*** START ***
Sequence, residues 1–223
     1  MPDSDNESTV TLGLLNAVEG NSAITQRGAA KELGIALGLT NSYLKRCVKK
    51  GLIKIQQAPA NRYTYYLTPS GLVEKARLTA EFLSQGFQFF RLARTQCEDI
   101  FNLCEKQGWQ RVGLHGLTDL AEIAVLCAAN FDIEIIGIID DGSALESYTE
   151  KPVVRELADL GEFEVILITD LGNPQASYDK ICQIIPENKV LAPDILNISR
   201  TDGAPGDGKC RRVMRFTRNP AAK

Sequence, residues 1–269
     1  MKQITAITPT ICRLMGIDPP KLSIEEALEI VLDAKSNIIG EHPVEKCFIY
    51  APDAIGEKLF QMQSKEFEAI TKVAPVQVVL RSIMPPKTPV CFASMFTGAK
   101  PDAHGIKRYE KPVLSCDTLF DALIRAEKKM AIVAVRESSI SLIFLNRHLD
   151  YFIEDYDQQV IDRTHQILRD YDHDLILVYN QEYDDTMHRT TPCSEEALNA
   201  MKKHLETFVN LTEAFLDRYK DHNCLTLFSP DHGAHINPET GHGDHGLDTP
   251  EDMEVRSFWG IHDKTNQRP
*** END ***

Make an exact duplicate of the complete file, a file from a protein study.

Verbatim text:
Sequence, residues 1–223
     1  MPDSDNESTV TLGLLNAVEG NSAITQRGAA KELGIALGLT NSYLKRCVKK
    51  GLIKIQQAPA NRYTYYLTPS GLVEKARLTA EFLSQGFQFF RLARTQCEDI
   101  FNLCEKQGWQ RVGLHGLTDL AEIAVLCAAN FDIEIIGIID DGSALESYTE
   151  KPVVRELADL GEFEVILITD LGNPQASYDK ICQIIPENKV LAPDILNISR
   201  TDGAPGDGKC RRVMRFTRNP AAK

Sequence, residues 1–269
     1  MKQITAITPT ICRLMGIDPP KLSIEEALEI VLDAKSNIIG EHPVEKCFIY
    51  APDAIGEKLF QMQSKEFEAI TKVAPVQVVL RSIMPPKTPV CFASMFTGAK
   101  PDAHGIKRYE KPVLSCDTLF DALIRAEKKM AIVAVRESSI SLIFLNRHLD
   151  YFIEDYDQQV IDRTHQILRD YDHDLILVYN QEYDDTMHRT TPCSEEALNA
   201  MKKHLETFVN LTEAFLDRYK DHNCLTLFSP DHGAHINPET GHGDHGLDTP
   251  EDMEVRSFWG IHDKTNQRP